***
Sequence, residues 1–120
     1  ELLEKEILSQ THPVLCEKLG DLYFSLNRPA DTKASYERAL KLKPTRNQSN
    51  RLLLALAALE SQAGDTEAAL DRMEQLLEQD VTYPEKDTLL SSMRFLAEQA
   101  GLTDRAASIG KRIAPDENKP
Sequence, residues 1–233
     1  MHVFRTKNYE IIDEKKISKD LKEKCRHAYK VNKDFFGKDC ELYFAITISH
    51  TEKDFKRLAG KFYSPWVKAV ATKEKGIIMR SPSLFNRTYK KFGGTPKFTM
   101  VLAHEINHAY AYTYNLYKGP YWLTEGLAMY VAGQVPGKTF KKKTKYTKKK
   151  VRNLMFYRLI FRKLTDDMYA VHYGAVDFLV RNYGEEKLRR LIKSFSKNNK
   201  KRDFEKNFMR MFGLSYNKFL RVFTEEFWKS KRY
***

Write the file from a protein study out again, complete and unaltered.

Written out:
Sequence, residues 1–120
     1  ELLEKEILSQ THPVLCEKLG DLYFSLNRPA DTKASYERAL KLKPTRNQSN
    51  RLLLALAALE SQAGDTEAAL DRMEQLLEQD VTYPEKDTLL SSMRFLAEQA
   101  GLTDRAASIG KRIAPDENKP
Sequence, residues 1–233
     1  MHVFRTKNYE IIDEKKISKD LKEKCRHAYK VNKDFFGKDC ELYFAITISH
    51  TEKDFKRLAG KFYSPWVKAV ATKEKGIIMR SPSLFNRTYK KFGGTPKFTM
   101  VLAHEINHAY AYTYNLYKGP YWLTEGLAMY VAGQVPGKTF KKKTKYTKKK
   151  VRNLMFYRLI FRKLTDDMYA VHYGAVDFLV RNYGEEKLRR LIKSFSKNNK
   201  KRDFEKNFMR MFGLSYNKFL RVFTEEFWKS KRY